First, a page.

According to Scandinavian mythology cows are strongly associated with the birth of the world and the beginning of life. In the beginning there was a Great Emptiness with frozen ice to the North and fires to the South. The ice eventually melted from the heat rising up and it formed into the shape of a great giant called Ymir and his cow Auðhumla, who nourished Ymir. He survived by licking the salty ice blocks. Ymir birthed a male and female from the pits of his arms.

About ten years ago, I discovered that blue cows are living in the wild in the forest near the Latvian coastline. I went in search of them one weekend in September, but I couldn’t find them. Nevertheless, they still preoccupy my thoughts.

An old legend says that blue cows used to live in the sea and would come out briefly before sunrise to graze on the seaside grass. Then, one day, The Mother of the Sea (Juras Mate) gave some of them as gifts, to families of Liv fishermen who had died in a storm.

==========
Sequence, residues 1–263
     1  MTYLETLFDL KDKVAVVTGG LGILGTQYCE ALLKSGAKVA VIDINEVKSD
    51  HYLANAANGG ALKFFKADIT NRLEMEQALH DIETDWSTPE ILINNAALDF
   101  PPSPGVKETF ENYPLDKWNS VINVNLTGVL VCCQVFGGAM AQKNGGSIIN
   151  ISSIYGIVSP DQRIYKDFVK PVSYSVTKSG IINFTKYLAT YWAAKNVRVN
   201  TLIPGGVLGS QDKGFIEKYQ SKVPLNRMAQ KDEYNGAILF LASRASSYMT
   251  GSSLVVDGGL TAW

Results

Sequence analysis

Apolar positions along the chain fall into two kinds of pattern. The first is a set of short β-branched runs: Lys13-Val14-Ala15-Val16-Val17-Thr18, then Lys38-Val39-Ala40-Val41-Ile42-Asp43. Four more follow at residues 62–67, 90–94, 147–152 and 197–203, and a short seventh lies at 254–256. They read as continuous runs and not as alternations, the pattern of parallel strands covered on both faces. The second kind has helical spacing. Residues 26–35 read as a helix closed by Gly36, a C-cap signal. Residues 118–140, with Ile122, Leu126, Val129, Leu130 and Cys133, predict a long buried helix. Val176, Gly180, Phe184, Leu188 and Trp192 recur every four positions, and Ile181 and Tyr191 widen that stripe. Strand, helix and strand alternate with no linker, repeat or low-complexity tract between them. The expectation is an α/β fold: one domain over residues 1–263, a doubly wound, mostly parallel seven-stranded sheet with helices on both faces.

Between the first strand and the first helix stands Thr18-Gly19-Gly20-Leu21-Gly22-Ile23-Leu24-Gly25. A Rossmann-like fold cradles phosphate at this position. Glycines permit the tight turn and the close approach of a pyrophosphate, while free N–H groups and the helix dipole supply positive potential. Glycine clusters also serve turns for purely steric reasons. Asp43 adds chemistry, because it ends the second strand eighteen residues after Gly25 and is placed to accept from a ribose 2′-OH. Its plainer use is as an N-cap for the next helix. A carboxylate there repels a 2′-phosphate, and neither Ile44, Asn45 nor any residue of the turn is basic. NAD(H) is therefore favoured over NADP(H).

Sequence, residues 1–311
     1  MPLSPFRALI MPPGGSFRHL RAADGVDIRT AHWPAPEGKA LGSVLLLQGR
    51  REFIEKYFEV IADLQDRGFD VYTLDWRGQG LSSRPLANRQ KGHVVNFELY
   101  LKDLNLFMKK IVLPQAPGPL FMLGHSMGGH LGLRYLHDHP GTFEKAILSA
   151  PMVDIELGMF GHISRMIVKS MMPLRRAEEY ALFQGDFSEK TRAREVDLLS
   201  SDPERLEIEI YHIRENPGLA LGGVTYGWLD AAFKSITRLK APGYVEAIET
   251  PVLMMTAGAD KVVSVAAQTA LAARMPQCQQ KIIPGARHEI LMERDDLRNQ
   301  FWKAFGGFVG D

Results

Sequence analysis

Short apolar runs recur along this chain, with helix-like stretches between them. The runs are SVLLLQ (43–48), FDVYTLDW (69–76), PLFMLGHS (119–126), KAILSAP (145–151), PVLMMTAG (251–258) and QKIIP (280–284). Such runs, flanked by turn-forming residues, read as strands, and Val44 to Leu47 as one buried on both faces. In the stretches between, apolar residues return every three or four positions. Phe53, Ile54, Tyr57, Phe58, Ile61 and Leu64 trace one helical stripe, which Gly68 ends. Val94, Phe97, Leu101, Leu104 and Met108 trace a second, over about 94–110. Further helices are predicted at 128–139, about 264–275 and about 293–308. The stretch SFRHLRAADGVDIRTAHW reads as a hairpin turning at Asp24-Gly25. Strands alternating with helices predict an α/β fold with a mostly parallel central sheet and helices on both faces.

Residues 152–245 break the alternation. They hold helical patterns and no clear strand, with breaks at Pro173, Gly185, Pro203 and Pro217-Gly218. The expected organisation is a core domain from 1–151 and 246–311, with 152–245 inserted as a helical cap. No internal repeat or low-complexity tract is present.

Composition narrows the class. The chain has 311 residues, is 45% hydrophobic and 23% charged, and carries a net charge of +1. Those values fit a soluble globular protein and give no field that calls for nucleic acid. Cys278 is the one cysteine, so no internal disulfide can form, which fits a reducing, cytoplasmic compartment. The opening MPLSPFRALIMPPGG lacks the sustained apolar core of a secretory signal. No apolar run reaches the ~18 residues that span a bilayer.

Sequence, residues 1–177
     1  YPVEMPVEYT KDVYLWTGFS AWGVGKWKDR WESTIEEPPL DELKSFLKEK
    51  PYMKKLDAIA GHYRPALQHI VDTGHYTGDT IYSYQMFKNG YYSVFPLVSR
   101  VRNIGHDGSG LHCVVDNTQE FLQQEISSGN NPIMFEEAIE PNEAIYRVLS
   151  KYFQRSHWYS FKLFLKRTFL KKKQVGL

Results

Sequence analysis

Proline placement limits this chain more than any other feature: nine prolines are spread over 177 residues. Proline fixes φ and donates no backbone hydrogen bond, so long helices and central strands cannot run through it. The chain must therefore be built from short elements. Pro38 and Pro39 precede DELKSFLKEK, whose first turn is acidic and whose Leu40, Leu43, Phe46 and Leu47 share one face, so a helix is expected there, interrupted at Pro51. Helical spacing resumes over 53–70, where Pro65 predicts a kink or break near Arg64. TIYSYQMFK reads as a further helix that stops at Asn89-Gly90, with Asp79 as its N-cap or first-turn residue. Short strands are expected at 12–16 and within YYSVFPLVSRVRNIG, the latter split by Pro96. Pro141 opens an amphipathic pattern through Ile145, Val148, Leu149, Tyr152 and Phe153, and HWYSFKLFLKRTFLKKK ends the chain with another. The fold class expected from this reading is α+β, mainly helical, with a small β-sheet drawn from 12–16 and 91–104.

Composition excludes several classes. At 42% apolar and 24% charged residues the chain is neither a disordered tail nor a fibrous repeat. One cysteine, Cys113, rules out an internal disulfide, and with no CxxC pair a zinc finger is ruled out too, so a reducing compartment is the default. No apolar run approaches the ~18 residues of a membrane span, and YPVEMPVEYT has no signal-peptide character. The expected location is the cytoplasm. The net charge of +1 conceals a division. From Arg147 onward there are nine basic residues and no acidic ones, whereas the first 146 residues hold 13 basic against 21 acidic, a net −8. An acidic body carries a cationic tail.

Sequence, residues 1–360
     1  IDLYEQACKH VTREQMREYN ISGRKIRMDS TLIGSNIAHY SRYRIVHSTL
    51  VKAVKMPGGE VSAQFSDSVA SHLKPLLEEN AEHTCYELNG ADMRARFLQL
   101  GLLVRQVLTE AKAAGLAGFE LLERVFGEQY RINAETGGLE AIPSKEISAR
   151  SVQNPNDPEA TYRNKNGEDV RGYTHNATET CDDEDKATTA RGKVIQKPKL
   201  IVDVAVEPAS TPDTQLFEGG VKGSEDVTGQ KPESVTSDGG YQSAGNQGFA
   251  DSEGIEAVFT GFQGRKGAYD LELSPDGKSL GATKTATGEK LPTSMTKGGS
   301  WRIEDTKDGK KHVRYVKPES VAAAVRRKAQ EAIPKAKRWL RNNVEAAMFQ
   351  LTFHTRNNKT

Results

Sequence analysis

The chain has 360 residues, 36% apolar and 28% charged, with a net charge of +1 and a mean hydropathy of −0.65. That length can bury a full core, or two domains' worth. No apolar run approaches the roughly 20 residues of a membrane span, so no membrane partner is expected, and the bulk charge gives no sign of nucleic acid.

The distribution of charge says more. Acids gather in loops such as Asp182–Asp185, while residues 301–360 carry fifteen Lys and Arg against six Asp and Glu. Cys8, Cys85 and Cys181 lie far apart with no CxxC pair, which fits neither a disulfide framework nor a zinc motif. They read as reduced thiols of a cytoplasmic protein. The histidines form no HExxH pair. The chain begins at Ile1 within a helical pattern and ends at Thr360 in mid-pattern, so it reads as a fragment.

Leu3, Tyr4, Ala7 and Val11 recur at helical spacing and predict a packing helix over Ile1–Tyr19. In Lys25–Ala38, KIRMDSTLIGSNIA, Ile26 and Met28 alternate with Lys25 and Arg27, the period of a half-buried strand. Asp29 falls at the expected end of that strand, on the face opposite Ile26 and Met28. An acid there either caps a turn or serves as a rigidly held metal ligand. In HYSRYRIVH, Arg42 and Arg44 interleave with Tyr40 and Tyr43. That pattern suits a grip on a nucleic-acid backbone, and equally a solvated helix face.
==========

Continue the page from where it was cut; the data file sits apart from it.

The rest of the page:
Blue cows nearly became extinct during the Soviet period. In the 1990s, Latvia, in collaboration with the UN Food and Agriculture Organization, started an effort to preserve this peculiar variety of cows. As a result, blue cows can still be seen along the coast of Western Latvia.

I am a farmer’s daughter, and I became a vegetarian when I was about 20. Lately I have been arguing with my brother, who runs the biological family farm. I proudly declared that for over half my life I’ve been a vegetarian and how much I’ve done for the planet with my choices. We then had a heated discussion about my narrow minded viewpoint and my lack of awareness regarding the circle of nutrients and minerals, not to mention the self-sufficient economy. I was left wondering about the complexity of these issues. How one can know all the facts and make informed actions?

Udders are made of plantbased bioplastics and kombucha leather. // Vrijhof Cultuur, Enschede, Netherlands, 2020.